Maryland’s local election directors are urging the state to move to a mail-in only ballot system for the April 28 primary amid the rapidly evolving coronavirus pandemic.
“We are concerned about the potential for exposure of our election judges and voters to coronavirus at polling places on Election Day or at vote centers during early voting,” the local board of elections directors wrote Thursday in a letter to the state board. Given federal health officials’ guidance for people to avoid close contact, the directors “request instead that all voters be mailed an absentee ballot for this election."
But during a Friday morning conference call, Baltimore City Elections Board Director Armstead B.C. Jones Sr. said, state officials told them to continue “moving forward as if the election is going to happen as it usually does.”
Linda Lamone, state administrator for the Maryland Board of Elections, said she could not comment on whether Maryland was considering postponing its primary.
Asked if voting by mail remained an option, Lamone said: “Well, yes, that’s what you all have been reporting for the last two days.”
Asked if a decision would be made by the end of the week, Lamone said she didn’t know.
Organizing a mail-only election less than seven weeks before the primary would be complicated and expensive. Local directors said a decision needs to be made “now.”
“A decision needs to be made within today or by Monday so everyone has a sense of direction on what they need to do to move forward and regroup,” Jones said. “Whatever we are asked to do, we will get it done.”
Louisiana became the first state Friday to postpone its primary because of the coronavirus.
Earlier this week, Maryland officials, including state Senate President Bill Ferguson, said they were in talks on a mail-in only election, should it become necessary in response to multiple confirmed cases of COVID-19 in the state.
Republican Gov. Larry Hogan’s spokesman, Mike Ricci, said the governor has been working with the state elections board on “ways to minimize voter confusion and disruption on primary day.”
Hogan has declared a “state of emergency” in Maryland due to the coronavirus. With that in place, state law allows the governor to issue a special proclamation to specify alternate voting locations, specify alternate voting systems or even postpone elections.
Jones said he typically relies on hundreds of elderly judges to work the polls — the demographic of people being encouraged to avoid crowds because of their heightened susceptibility to the coronavirus.
“I can’t take a chance and open up on Election Day and not have necessary staff to man the polling places,” Jones said Wednesday.
Several polling locations in central Maryland are at senior centers.
Baltimore voters are scheduled to vote April 28 in the city’s mayoral, City Council president and other races. Across Maryland, voters will pick nominees for president. On the same day, citizens in the 7th Congressional District, which includes parts of Baltimore City, Baltimore County and Howard County, will select a replacement for the late U.S. Rep. Elijah Cummings, a Baltimore Democrat.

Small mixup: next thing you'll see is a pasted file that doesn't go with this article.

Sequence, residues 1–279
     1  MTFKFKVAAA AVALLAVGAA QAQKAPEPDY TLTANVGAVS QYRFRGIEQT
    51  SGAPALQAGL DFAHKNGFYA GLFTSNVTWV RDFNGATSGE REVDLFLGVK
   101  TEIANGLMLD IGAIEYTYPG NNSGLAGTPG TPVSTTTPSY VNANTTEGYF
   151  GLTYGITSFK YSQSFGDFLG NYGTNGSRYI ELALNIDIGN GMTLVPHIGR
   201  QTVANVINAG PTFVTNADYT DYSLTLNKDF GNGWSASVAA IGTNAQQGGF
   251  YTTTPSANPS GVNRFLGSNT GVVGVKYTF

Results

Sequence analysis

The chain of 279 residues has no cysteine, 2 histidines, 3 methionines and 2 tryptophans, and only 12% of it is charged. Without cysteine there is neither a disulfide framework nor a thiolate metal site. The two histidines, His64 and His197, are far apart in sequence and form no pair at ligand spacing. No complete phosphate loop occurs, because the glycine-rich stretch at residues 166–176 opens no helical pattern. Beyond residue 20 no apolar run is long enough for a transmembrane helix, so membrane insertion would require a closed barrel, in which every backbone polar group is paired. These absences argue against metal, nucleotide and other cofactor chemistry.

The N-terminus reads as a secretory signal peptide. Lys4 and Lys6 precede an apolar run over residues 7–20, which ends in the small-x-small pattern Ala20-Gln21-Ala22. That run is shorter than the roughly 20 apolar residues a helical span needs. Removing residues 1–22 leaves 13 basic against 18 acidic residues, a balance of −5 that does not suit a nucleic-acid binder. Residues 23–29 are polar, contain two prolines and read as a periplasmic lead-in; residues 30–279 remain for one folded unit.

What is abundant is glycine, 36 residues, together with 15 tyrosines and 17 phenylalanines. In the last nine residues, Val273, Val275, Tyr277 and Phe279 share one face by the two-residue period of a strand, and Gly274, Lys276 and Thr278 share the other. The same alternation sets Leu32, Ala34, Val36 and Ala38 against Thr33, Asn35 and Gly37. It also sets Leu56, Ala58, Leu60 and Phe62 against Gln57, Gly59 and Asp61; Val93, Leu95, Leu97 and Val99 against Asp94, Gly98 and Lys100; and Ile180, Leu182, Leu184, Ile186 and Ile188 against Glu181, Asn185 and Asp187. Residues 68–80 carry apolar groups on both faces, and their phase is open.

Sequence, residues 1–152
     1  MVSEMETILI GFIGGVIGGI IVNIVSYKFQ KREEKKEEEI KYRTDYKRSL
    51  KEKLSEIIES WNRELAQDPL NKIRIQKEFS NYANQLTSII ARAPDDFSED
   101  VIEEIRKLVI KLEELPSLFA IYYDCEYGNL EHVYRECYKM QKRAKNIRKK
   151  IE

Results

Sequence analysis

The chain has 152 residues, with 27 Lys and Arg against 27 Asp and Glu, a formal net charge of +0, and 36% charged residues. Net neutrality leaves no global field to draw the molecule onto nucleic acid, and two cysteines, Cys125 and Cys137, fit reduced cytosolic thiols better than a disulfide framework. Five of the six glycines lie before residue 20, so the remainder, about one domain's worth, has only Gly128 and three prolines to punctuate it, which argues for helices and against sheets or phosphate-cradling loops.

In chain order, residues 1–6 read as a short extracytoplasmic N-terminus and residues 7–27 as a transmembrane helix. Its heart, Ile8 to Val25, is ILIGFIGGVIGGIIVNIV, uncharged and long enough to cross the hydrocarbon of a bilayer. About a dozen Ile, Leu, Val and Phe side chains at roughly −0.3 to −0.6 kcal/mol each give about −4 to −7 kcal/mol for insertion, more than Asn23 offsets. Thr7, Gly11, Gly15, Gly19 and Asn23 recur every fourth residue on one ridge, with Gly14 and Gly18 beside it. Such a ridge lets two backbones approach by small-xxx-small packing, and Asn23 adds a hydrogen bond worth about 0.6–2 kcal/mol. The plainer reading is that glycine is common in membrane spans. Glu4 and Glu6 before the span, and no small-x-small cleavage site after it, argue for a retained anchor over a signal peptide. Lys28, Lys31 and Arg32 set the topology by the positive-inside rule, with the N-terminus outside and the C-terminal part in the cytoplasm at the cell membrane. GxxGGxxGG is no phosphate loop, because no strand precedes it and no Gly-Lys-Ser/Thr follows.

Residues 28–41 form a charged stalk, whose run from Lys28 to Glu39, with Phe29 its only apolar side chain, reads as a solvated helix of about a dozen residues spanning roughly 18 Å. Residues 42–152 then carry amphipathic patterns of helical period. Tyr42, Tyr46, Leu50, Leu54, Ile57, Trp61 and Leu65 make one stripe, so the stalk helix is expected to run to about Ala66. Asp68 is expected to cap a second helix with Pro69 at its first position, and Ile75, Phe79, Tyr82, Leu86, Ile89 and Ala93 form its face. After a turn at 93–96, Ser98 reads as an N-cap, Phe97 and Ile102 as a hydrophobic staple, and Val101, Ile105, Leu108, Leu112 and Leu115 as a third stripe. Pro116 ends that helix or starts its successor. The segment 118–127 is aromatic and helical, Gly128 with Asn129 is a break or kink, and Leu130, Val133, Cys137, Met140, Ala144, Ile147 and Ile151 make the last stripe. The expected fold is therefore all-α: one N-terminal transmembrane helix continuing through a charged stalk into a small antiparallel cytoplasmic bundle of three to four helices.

Maryland allows voters to cast absentee ballots without any stated reason, but voting by mail has never been mandatory.
Some advocates are concerned about moving to a mail-in only election so close to the primary.
“While we are of course deeply concerned about the coronavirus and the need to keep voters safe, we are equally worried that this late action in Maryland — just weeks before the primary — could disrupt voting,” said Page Gardner, founder of the Voter Participation Center in Washington, in a statement. “An abrupt change could end up leaving communities of color and other historically disadvantaged voters on the sidelines of our democracy.”
In the competitive and crowded Democratic mayoral primary field, candidates already have changed the way they’re campaigning, with some cancelling fundraisers and door-knocking efforts. Candidates say they are concerned about how COVID-19 could impact the election, though they have different ideas on how the state board should proceed.
Former U.S. Treasury official Mary Miller called on Hogan to follow Louisiana’s lead and postpone the primary.
“Proceeding with an in-person election on April 28th could cause a decrease in turnout and also pose a serious risk to voters and the backbone of our electoral system, senior poll workers,” she said in a statement. “Proceeding on April 28th without them would cause serious disruptions.”
Miller said she’s concerned there’s not enough time to prepare for a mail-in only election, an unprecedented move in Maryland.
“Our state could open itself up to widespread voter fraud and also lower turnout due to the confusion and potential lack of communication to historically disadvantaged voters and communities,” she said.
Former Mayor Sheila Dixon, running to reclaim her position, does not support pushing the election back.
She said that if the state moves to holding a mail-in only primary, the election board would have to do an immense amount of educational outreach and assure people there are safeguards in place to protect the integrity of the election.
Dixon has been encouraging seniors to vote absentee this spring, for the sake of their health.
Former Baltimore Police spokesman T.J. Smith also opposed any delay.
“We don’t know when things will get better,” he said. “We don’t need to disrupt this process any more than it already will be.”
Former state Deputy Attorney General Thiru Vignarajah said his campaign is ready to “roll with” whatever state officials decide.
“We are a local campaign in the middle of a global pandemic,” he said.
Mayor Bernard C. “Jack” Young echoed that the city will follow the state’s lead, while City Council President Brandon Scott’s campaign for mayor urged the creation of a “hybrid system” involving expanded early voting and absentee ballot “drop off.”